Voices Thursday, April 30, 2015 - 05:30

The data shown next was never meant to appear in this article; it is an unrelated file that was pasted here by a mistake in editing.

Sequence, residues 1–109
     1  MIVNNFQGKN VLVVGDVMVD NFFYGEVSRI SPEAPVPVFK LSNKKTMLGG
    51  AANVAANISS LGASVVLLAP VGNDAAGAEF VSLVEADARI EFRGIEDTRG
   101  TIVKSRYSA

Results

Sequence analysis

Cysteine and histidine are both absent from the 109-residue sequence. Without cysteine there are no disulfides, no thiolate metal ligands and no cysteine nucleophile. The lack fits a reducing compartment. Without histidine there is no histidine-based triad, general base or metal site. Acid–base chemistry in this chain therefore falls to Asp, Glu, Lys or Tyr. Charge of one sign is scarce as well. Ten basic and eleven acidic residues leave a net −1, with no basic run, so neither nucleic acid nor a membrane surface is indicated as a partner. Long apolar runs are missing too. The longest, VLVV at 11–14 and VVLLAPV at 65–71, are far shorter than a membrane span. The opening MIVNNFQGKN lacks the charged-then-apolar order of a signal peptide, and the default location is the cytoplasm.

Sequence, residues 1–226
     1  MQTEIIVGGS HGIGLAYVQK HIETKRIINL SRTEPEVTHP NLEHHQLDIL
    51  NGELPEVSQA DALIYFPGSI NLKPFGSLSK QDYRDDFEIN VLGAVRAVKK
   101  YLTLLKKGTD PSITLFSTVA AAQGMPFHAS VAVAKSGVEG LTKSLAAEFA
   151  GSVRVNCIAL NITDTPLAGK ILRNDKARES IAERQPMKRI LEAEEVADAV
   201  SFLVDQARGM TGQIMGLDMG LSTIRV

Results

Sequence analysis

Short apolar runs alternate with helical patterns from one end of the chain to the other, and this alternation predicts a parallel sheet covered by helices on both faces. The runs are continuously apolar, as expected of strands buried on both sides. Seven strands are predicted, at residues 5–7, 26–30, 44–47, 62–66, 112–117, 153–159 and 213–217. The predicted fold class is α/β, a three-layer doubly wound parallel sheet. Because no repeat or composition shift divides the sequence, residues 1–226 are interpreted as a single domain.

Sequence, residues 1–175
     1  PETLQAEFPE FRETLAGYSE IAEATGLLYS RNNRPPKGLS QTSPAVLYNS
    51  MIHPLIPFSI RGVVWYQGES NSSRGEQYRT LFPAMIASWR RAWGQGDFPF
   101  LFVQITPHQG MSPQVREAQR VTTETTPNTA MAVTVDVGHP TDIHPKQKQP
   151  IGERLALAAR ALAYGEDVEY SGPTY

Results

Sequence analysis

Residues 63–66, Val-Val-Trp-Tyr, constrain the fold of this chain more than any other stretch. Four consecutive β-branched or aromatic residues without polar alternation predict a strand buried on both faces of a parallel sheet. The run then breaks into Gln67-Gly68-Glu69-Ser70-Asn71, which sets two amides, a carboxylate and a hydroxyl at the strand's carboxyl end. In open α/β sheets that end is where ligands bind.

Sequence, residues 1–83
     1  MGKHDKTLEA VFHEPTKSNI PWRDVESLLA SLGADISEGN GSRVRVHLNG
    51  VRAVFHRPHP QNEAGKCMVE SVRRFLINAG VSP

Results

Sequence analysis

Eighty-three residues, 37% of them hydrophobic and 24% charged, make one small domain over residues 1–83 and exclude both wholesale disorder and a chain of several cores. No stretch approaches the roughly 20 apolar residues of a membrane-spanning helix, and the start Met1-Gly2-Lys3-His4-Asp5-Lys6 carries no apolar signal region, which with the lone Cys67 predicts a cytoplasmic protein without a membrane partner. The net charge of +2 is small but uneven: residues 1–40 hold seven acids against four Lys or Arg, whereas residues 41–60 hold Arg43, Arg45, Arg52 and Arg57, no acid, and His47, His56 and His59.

In October 2013, Youth Ki Awaaz published a piece headlined “Stay away from boys until we force you to sleep with one: The fate of a 20 something Indian girl” The headline of the story underscores the anxiety many women feel towards marriage, and is in stark contrast with the government’s rationale that marital rape could not be made an offence because the “Indian mindset treated marriage as a sacrament”. Replying to DMK MP Kanimozhi’s question, Minister of State for Home Affairs Haribhai Parathibhai Chaudhary said that the concept of marriage as understood internationally did not apply to India for various reasons including “level of education/literacy, poverty, myriad social customs and values, religious beliefs, mindset of society to treat marriage as a sacrament etc.” The Indian government’s position is inconsistent with international jurisprudence, which recognizes marital rape as a crime. Many countries such as England, Australia, South Africa, Canada, have laws which recognise rape without exception to marriage. According to a study done by the Mumbai-based International institute of Population Sciences, 26 percent of women in Pune, 23 percent woman in Bhubhaneshwar and 16 percent in Jaipur often have sex with their husbands against their will. Legal scholars identify three patterns of sexual assault within marriage: battering rape (involving both sexual and physical violence), force-only rape (where force is used after woman refuses sex, and obsessive rape (sexual acts, often perverse accompanied by torture). Even though Domestic Violence Act recognizes sexual violence as a part of domestic violence, it considers sexual violence as a civil offence, not a criminal one, while rape is otherwise considered a criminal offence. Despite news reports of women and girls of all ages, castes, social strata, geographical location being reported by the media (as opposed to the quantum of attention they may later receive), the image that a stranger commits rape persists in the collective imagination. The reality, however, is the exact opposite. National Crime Records Bureau data shows that in over 90 percent of sexual assault, the accused is known to the woman: neighbours, uncles, cousins, friends. The stranger just makes a cameo appearance in this film. Missing from the list of “known” rape accused, are the husbands. Despite a consistent demand from the women’s movement, backed by studies in India and abroad indicating the prevalence of marital rape, the government has always maintained that criminalizing marital rape would “amount to excessive interference with the marital relationship”. The only thing sacred in all of this, it appears, is the Indian government’s apparent desire to ensure that the law upholds the right of some men to behave like brutes. The only exception to an otherwise consistent attitude is the recommendation of the Justice Verma committee, which urged that the exception for marital rape be removed. As Kanimozhi rightly pointed out, despite the so called sanctity of marriage, the Indian government has enacted laws that recognized domestic violence, and dowry-related violence as crimes a violation of a woman’s right to life, liberty and dignity. Why then, should sexual relations be treated differently? When the spirit of Indian law recognizes rape as a crime, why should married men be treated a cut above other rape accused? This was Kanimozhi's real question to the government of India, and one that needs to be answered by a law that specifies in letter, that the well-being of married women too, shall be protected.

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